Summer is a sweet spot for sport fans, but something about this edition feels extra special.
The NBA Finals were arguably the most exciting in history while soccer reveled in unprecedented storylines. The fans are as engaged as ever, breaking records for attendance and viewership. Alongside their sport obsession, they have redefined sports storytelling. Media conglomerates no longer shape the stories around sport moments. We do.
Today’s user-generated content adds so much to the experience of sport, why aren’t brands, leagues, teams and broadcast networks tapping this creative energy in more disruptive ways? We sifted through three cultural trends to understand how fan storytelling is propelling us into the future of sport.
THE RISE OF FAN STORYTELLING
As this publishes, a teacher in America is translating this summer of sport into a storytelling syllabus. The stories, so perfectly crafted, provided a stage for fans to proliferate them into an endless stream of bite-sized content. Stories like David & Goliath, The Odyssey, and the redemptive savior were just a few of the narrative arcs underscoring the performances – and that was just LeBron.
In soccer, Leicester City won the Premiership. They were the Cinderella of Cinderella’s, winning against 5000-1 odds. And who could ever forget Iceland, competing with a smaller population than Kansas, knocking mighty England out of the European Championships.
While Messi failed to win again in his 7th consecutive major tournament, abruptly retiring from international soccer (a sign of his frustration really, he’ll be back), Ronaldo raised his first major international trophy, stoking the debate over which of these kings is soccer’s de facto ruler.
You couldn’t have scripted it any better.
The surprises, twists and turns provided fodder for fans to churn out content, progressing user-generated content into its next chapter. More stories, more opportunities for fans to engage and create. While the big sport entities went high budget polish (slow motion facial expressions FTW), fans generated raw rapid-fire content that packed a punch. Fans obsessed creative pairings of sport moments with broader cultural references. The right combination of copy, imagery, and cultural nuance could send a meme flying through social feeds.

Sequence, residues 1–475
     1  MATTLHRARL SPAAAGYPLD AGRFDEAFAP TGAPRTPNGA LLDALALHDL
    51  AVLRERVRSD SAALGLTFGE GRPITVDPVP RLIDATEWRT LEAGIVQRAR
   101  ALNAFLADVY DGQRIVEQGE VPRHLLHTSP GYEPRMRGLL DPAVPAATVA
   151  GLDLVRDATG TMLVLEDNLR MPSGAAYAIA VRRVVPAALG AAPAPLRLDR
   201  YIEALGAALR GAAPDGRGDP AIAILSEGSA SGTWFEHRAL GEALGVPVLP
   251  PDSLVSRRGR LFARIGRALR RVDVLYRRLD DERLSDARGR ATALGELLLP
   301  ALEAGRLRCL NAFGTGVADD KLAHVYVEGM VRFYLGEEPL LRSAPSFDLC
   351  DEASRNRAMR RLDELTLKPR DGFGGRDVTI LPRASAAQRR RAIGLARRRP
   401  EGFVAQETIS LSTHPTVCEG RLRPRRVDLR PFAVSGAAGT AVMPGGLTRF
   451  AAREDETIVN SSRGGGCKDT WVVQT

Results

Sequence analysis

2016: the year everyone discovered head swaps.
This rise of this fan content boasts an authenticity and irreverence that bigger sport properties can’t replicate. In that way, it feels that the experience of sport changed forever.
MY BRAND IS FASTER THAN YOURS
Youth today are crafting personal brands and offering a new wave of products packaged in the form of original content, music, bite-sized commentary, and magazine-like curation services. YouTube stars like IISuperwomanII are getting their own billboards in NYC, signaling a new franchise in rotation with movie studios, television and Broadway shows. We see the same movement in other social platforms. Recent unknowns like Trashhand and Luka Sabbat imagined new business models on Instagram working with brands to keep them youthful and relevant. Snapchat birthed its own roster of stars commanding viewership that can cut through culture quicker than most television shows or movies.
How has this progression happened so quickly? In short, out of necessity. This latest generation of youth don’t have the milieu of job opportunities, especially jobs that pay enough to flourish in urban centers. Digital, for them, is a tool for survival.
They are evolving their personal brands out of urgency. Creativity and hustle can land them a more suitable job – or even better, become a revenue stream in itself. There is a budding symbiotic relationship between the established and the young upstarts in many culture-creating industries like music, fashion and entertainment. Why aren’t sport entities getting on board and embracing this voice?
Fans today are always on without borders. For them, an intuitive response to a sport moment, crafted for their friends carries an authenticity that trumps anything sketched up on a whiteboard by brand creatives trying to reach consumers.